Wow!  I repeat, WOW!   Danny Boy has some really big salt shakers.

Next up:  Truth.  Beauty.  Mud.  It’s in the eye

Series references:  KBR, Mary L. Wade, Qarmat Ali, Doyle Raiznor, Ms. Sparky, litigator, sued, cluster, deposition, hexavalent chromium

Read Full Post | Make a Comment ( None so far )

The Missing Bookend

Posted on March 18, 2012. Filed under: Humor, Memories | Tags: , , , , , , , , , , |

What kid doesn’t want a horse?  How many kids actually get a horse?  It’s not like you can keep them in the house or apartment, ’cause paper training is — to borrow a term from the canine scene — a real bitch.  Forget newspapers.  Think snow shovel.  While the aroma of those scoopings may be several degrees “more pleasant” than that of traditional carnivorous pets, I’m betting that, for tedium, sheer quantity trumps malodorous every time.  There are probably other disadvantages to keeping a 16-hand ungulate tethered to your bed post, but, I forget what they are right now.

The virtual horsey, though, is a staple of childhood.  It gets staked out in that place where every child spends most of its time, that realm of fantasy called imagination.  No snow shovels required there.  Those guys neither eat nor (in the words of televisions’s detective Adrian Monk) un-eat.  All they do is carry the child’s imagination into one adventure after another without the baggage of troublesome chores.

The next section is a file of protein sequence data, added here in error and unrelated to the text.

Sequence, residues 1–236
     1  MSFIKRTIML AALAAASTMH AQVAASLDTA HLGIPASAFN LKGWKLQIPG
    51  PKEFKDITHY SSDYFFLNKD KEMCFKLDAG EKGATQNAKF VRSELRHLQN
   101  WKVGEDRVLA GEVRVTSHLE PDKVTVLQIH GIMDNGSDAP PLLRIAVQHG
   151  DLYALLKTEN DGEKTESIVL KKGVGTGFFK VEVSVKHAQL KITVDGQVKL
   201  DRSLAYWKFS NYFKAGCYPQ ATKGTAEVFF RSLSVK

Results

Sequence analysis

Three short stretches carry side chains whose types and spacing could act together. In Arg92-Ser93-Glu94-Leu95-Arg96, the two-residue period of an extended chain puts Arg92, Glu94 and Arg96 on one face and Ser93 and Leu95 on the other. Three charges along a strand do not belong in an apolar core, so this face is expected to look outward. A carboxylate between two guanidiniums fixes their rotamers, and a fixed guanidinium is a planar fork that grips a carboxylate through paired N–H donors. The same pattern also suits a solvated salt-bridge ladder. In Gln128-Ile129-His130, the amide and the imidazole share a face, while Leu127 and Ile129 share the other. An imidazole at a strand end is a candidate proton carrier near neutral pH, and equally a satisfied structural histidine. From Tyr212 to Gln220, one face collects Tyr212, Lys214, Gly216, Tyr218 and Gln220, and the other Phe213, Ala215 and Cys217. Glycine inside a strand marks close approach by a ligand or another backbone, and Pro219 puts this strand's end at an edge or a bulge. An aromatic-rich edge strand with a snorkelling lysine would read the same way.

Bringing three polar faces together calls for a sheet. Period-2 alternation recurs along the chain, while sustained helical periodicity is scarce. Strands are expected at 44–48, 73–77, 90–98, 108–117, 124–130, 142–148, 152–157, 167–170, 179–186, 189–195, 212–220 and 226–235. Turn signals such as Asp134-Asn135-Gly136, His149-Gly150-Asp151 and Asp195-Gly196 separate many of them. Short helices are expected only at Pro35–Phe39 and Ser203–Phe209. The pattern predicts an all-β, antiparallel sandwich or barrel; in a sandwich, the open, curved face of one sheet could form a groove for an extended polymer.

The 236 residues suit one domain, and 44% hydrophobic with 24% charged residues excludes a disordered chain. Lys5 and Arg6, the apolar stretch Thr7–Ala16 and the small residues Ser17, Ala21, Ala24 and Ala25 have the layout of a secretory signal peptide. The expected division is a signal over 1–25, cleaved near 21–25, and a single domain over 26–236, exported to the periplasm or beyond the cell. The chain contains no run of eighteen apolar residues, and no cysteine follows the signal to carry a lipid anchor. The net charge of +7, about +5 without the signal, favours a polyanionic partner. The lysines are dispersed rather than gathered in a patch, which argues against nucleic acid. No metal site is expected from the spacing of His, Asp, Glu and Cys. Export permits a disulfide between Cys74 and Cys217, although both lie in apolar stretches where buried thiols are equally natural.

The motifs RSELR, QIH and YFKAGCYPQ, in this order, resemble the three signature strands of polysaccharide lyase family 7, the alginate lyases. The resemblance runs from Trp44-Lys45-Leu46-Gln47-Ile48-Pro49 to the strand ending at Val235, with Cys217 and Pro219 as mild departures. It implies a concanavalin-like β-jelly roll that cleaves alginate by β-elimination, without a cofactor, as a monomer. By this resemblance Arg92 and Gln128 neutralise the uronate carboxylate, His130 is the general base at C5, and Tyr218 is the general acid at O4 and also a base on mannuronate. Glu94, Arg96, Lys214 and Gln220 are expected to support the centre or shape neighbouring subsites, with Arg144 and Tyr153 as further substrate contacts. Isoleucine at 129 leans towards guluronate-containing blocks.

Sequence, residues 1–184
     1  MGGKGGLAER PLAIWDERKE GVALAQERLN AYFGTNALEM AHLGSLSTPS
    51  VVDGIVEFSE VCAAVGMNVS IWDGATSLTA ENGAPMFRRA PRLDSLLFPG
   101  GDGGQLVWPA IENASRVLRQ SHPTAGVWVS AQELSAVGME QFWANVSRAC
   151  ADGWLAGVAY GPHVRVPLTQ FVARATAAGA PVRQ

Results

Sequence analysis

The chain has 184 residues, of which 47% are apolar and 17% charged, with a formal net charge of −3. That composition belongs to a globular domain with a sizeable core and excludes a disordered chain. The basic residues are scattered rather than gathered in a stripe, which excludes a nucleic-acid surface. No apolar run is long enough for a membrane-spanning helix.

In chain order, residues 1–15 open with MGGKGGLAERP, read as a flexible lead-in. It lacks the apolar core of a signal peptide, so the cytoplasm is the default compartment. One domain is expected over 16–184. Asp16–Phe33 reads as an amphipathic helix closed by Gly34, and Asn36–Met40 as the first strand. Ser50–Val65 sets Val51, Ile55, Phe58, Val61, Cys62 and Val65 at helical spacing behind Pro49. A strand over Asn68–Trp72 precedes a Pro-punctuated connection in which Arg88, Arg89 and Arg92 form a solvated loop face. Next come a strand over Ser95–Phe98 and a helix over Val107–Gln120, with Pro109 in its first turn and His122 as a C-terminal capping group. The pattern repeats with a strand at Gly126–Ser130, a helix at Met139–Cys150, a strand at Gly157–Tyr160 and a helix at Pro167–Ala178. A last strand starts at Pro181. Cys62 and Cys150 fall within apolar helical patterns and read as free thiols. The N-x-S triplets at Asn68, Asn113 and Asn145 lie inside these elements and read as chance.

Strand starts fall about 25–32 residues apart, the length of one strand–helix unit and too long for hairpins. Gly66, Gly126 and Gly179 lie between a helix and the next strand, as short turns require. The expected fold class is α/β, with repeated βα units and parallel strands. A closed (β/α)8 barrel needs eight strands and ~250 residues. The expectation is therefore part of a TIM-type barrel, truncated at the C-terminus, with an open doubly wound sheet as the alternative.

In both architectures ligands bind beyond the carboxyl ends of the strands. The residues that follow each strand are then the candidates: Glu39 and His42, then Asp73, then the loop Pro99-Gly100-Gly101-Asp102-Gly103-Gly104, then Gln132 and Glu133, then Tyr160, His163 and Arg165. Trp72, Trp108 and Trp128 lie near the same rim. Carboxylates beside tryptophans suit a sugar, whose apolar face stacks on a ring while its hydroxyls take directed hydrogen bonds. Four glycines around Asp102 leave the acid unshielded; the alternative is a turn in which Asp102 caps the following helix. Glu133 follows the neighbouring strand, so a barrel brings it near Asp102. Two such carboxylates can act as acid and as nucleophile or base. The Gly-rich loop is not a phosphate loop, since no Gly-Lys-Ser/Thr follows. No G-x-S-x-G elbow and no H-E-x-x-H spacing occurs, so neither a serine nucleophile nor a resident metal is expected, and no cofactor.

From my childhood, I recall a set of bookends that were cast in metal into the shape of a saddled horse nibbling grass from around its front feet.  Not the best pose for riding into adventure, but, it was workable.  With index- and middle finger astraddle the saddle,  the free hand took that steed in a gallop into all sorts of action.  Yes, indeed, I did get that horse my child-side always wanted.

But there was a rift between fantasy and reality.  My valiant steed had but a single chore to do, and, that was to keep my parents’ books arranged neatly on the shelf.   Going out to play with me left that single chore undone, and, those books sorta got in a state of disarry.  When adventure time was done, I had to straighten those books and slip that bookend back into place so that order and neatness reigned again.  And, I wouldn’t get grounded.

Flash forward a couple of decades (eh, maybe more), and look back at that bookshelf in both a state of order and a state of disarray.  Two bookends equaled order and neatness; one bookend, however, had order near it, but, the farther out you went from it, apparent order became blurred in a heap.  And, I thought…

Life is what happens between two bookends, birth and death.  The longer I travel the road of LIFE, more and more “books” are left behind me.  At some point, the disarray of NOW sort of props up the books behind me so that I can see childhood, teens, military service, whatever, as clean-cut accounts of my journey.  But, the muck of the recent past and the uncertainty inherent in NOW lends an air of disorder to my present path, and, that breeds angst, frustration, hope, satisfaction…??   Hey!  That’s LIFE, isn’t it?  And, my life only has one bookend…

Now, where’s that bottle?  Got the glass.  Ah, there it is!  A red wine from Georgia (the country, not the state).  Pour it into the glass…  Okay!  A toast to that missing bookend:  “May your playtime last a long, long time.  Don’t take it personal, but, that chaotic bookshelf looks just fine without you.”

Next up:  Pismire

Read Full Post | Make a Comment ( None so far )

Liked it here?
Why not try sites on the blogroll...